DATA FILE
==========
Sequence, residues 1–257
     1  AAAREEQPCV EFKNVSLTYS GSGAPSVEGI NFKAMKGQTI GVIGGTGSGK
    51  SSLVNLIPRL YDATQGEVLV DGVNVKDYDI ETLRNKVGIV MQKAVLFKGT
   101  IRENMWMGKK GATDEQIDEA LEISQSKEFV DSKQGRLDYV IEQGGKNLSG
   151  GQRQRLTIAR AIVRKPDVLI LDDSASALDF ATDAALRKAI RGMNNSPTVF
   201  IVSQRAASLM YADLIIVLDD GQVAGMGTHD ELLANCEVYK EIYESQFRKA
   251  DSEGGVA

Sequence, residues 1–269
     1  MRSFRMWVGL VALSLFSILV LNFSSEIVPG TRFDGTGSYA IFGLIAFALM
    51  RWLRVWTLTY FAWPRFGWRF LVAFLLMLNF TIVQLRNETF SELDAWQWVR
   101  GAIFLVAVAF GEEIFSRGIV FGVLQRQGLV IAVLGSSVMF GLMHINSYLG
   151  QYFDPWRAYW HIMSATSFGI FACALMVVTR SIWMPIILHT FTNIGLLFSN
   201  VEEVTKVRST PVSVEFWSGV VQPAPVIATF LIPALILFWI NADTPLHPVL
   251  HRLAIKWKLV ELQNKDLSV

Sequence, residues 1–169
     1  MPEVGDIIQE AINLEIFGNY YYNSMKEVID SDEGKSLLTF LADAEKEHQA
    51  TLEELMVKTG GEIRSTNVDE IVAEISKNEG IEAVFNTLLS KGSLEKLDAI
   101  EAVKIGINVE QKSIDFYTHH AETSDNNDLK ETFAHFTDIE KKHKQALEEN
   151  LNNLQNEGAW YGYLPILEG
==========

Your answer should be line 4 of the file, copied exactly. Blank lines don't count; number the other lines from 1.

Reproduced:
   101  IRENMWMGKK GATDEQIDEA LEISQSKEFV DSKQGRLDYV IEQGGKNLSG